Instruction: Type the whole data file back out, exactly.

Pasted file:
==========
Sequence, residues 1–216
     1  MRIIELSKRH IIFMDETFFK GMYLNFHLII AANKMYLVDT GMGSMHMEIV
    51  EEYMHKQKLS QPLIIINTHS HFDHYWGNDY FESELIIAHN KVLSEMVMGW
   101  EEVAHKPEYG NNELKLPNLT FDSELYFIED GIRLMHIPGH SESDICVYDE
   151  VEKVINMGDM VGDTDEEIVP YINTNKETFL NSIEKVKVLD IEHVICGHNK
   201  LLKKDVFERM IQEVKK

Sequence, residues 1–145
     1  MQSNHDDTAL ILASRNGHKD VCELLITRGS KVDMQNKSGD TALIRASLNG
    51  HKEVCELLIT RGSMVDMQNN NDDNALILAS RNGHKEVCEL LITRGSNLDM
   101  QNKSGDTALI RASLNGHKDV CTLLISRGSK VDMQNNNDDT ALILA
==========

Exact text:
Sequence, residues 1–216
     1  MRIIELSKRH IIFMDETFFK GMYLNFHLII AANKMYLVDT GMGSMHMEIV
    51  EEYMHKQKLS QPLIIINTHS HFDHYWGNDY FESELIIAHN KVLSEMVMGW
   101  EEVAHKPEYG NNELKLPNLT FDSELYFIED GIRLMHIPGH SESDICVYDE
   151  VEKVINMGDM VGDTDEEIVP YINTNKETFL NSIEKVKVLD IEHVICGHNK
   201  LLKKDVFERM IQEVKK

Sequence, residues 1–145
     1  MQSNHDDTAL ILASRNGHKD VCELLITRGS KVDMQNKSGD TALIRASLNG
    51  HKEVCELLIT RGSMVDMQNN NDDNALILAS RNGHKEVCEL LITRGSNLDM
   101  QNKSGDTALI RASLNGHKDV CTLLISRGSK VDMQNNNDDT ALILA